National Performance Network > News > Catching up with Wura-Natasha Ogunji

Catching up with Wura-Natasha Ogunji

Posted: Friday, July 20th, 2012 at 7:04 pm in News

Wura-Natasha Ogunji is an Austin-based artist who has participated in international residencies from Spain to the Dominican Republic. Her work has been shown in New York, Austin, Palestine and Australia. In April 2012 she was awarded a prestigious Guggenheim Fellowship. Alec De León, program specialist for the Visual Artists Network/National Performance Network, spoke with Wura about her process and recent artwork.

Alec De León (AD): Hi Wura. It’s nice to catch up with you again. You first came into contact with the Visual Artists Network in the summer of 2009 when you had a VAN Exhibition Residency at Diaspora Vibe in Miami, and then I had the opportunity to meet you at the NPN Annual Meeting in Knoxville, right?

Wura-Natasha Ogunji (WO): Yes.

AD: I see that you just performed at Women & Their Work (Austin, TX), and that you just received a Guggenheim Fellowship. Congratulations!

WO: Thank you.

AD: It sounds like you’ve been quite busy. What else has been going since we last spoke?

WO: Well, about a year and half ago I went to Nigeria for the first time with a travel grant from the Dallas Museum of Art. When I was there I started building the work that I did at Rosie’s (Gordon-Wallace) space, Diaspora Vibe. While in Miami, I made paintings as well as a performance piece called Soundings. which was about the presence of black women and personal gestures and movements related to power.

In Nigeria I started making performances that arose from questions I had about the presence of women, especially in public space.  People would ask me if I was married and if I had kids. These questions were how they started to understand who I was as a person. Being an artist was out of the realm of possibility for a lot of people, especially being a performance artist.

Artist Wura Oguni in 2011 in Lagos, Nigeria.

I created a piece called, Will I still carry water when I am a dead woman?  I had two water kegs – square containers for carrying water – and I filled them up and tied them around my ankles. Then I crawled along a dirt road in Lagos, for about 10 minutes, among the townspeople. I was trying to pose this question: When do women have time to think and talk about politics?  What does it look like for women to change society when so much of their time is consumed with daily work – work that extends from early in the morning to late in the evening? The work that I’m going to do with the Guggenheim grant was inspired by this experience.  I will explore what it means to have lots of women performing and moving through public space, interrupting space to talk about relevant issues.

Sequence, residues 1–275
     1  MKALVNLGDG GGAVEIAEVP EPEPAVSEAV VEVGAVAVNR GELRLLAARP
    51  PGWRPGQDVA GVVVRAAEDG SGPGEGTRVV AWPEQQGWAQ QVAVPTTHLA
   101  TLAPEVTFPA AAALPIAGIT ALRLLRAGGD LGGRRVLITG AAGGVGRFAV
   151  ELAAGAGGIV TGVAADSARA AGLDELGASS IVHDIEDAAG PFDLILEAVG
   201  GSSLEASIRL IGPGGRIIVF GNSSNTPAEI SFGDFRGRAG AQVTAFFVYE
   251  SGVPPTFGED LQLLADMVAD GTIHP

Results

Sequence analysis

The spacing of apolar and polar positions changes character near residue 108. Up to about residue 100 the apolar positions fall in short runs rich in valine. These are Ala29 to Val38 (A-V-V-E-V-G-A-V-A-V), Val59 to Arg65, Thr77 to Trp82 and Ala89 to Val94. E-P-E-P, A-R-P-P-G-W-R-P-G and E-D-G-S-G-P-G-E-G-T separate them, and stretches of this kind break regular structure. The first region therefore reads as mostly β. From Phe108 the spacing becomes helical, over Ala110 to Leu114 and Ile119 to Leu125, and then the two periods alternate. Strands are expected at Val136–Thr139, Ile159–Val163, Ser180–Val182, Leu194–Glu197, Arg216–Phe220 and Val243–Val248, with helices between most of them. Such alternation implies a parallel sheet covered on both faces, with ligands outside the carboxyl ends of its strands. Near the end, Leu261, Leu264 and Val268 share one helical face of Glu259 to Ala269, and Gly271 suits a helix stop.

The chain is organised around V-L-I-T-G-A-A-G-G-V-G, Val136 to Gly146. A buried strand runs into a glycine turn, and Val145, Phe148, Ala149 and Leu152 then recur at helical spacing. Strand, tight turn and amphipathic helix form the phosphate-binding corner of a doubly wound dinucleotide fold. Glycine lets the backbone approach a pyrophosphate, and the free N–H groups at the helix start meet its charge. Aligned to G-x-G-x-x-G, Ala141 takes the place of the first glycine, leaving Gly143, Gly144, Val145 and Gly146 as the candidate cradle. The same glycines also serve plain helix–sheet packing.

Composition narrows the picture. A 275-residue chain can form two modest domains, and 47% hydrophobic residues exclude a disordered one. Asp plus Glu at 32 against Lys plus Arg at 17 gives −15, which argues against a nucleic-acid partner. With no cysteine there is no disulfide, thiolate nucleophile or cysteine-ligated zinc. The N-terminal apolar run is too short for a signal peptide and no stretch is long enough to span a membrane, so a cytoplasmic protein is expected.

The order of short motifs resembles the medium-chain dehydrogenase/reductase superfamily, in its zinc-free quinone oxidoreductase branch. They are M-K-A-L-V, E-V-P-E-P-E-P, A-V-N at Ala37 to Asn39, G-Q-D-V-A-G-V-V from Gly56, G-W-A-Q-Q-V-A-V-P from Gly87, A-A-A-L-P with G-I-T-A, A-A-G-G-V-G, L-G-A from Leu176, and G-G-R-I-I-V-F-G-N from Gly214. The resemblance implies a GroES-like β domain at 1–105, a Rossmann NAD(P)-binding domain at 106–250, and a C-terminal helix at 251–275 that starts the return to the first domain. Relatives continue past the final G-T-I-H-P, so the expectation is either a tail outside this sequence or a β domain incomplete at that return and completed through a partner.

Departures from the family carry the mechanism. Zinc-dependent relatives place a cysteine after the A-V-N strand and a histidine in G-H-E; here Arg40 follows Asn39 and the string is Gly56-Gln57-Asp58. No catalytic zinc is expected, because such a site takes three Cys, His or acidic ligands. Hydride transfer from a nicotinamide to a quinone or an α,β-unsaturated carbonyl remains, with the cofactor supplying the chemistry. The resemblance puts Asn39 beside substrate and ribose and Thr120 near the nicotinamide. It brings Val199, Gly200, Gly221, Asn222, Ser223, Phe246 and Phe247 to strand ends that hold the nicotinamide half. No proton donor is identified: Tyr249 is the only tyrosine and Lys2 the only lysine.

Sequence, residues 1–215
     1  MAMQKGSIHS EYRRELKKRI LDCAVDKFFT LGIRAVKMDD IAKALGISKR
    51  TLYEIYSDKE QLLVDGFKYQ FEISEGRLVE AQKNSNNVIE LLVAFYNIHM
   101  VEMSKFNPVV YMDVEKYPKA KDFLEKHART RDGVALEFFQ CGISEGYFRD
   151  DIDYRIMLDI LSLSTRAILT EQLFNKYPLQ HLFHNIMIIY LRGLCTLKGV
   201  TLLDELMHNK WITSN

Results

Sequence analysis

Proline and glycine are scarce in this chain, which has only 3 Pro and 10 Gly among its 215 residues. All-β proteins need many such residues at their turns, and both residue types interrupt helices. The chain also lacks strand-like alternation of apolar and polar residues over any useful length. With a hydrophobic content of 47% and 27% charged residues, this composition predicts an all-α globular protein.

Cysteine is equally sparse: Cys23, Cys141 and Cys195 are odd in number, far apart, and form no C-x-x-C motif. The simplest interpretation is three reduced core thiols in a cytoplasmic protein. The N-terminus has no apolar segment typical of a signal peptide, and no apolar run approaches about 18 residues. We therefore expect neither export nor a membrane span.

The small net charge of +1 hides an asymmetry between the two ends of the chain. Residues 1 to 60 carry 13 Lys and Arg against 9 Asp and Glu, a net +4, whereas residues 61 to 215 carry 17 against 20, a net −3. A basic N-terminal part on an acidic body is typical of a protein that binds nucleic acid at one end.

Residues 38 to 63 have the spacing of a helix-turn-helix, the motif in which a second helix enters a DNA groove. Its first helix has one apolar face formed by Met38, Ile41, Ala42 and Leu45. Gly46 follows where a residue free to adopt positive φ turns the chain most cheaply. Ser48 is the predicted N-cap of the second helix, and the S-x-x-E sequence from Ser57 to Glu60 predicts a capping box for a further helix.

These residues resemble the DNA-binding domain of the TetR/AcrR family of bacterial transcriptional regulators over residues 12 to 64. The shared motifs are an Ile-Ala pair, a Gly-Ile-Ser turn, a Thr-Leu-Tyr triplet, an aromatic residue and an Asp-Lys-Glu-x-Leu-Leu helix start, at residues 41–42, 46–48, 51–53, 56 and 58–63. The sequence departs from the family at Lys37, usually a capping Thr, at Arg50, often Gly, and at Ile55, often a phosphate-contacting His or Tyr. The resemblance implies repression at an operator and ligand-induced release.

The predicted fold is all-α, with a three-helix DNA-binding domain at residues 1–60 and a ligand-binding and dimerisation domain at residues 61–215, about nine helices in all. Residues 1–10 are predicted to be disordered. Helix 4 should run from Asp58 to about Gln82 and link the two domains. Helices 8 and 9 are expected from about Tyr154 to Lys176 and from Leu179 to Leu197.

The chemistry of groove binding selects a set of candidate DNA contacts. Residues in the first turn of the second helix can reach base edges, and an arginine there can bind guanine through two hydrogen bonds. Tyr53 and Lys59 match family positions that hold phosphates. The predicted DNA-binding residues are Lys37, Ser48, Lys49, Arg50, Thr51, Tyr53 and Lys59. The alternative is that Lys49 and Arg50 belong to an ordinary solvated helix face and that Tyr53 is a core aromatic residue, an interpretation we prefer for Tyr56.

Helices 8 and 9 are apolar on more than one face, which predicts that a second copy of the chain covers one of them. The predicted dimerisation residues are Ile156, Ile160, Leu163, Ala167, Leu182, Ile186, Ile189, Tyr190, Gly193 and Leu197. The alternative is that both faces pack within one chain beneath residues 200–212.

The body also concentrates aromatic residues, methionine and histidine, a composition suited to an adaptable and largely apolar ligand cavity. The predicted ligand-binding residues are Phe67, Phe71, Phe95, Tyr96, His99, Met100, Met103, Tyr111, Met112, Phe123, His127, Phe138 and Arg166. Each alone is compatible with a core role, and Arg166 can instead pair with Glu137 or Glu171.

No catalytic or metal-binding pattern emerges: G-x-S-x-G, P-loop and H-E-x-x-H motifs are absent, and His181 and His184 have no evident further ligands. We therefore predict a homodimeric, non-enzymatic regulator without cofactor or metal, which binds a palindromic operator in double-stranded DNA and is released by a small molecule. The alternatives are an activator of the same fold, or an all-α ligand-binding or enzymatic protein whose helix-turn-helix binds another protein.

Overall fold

AD: Most of your videos feature a solitary figure in a natural setting, such as a field or desert landscape or in a lagoon, as in the case of Ife head walks on water. But Will I still carry water when I am a dead woman? takes place on a busy street in Lagos, Nigeria, with people all around. At one point in the video a motorcycle drives by. All the while, the people of Lagos are watching very intently, curious about what you are doing. How did this change in setting develop? Did they know what you were working on? Did they know you were an artist?

WO: Performance art, as we know in it in the U.S., is a very new genre in Nigeria. There is a deep history of performance, of course: theater, festivals and traveling theater, not to mention daily life being very performative. But performance art is not something that people are very familiar with. Still there are a couple artists who are doing it in Nigeria. One of them is Jelili Atiku and a lot of his work is very political. I met him in Lagos and he asked me if I wanted to make a performance in a town on the outskirts of Lagos: it’s a place where he has performed before (as well as a few other artists).  The people there have seen performance art and they know that it’s kind of different, so there’s a generosity from the audience. They are starting to become familiar with the vocabulary, as much as any person can be familiar with the vocabulary of performance art. Anyway, he helped me choose that site and the street I performed on.  I can’t remember the name right now, but it means something like “the place where an idea manifests.”  He picked this particular place because of that deeper meaning as well as its physical location.  He thought it would be a good place for me to crawl on the road. It’s actually a little side street because there is so much traffic on the main roads.

AD:  So, your new work is going to continue to incorporate these kinds of public settings?

WO: Yes, it’s definitely going to include more public settings because of the questions I’m asking, and because I’m interested in working with other women performers. And also because I’ll be working in Lagos.  I’m really interested in this kind of interaction.

But I think, the reason the videos changed in Nigeria, from those I made previously in the U.S., was because my questions changed. When I was here in the U.S. and I started making the Ife head series, I was thinking about the concept of “homeland” and wondering “does homeland long for us?” And how would it look if our ancestors came from West Africa to look for us in the Americas? How would they get here? They would have to fly. Fly across water, fly across land. So when I went to Nigeria, those questions were answered for me in many ways.

The people in Nigeria were interested in what I had to say as a person and as an artist. So there wasn’t only the longing I had for them.  They also had, in a sense, this longing for me. Being there, in the real physical space, the relationship changes…being connected to the ground and crawling on the ground, it makes more sense in that context. There is no need for me to fly because I’ve already arrived in this place.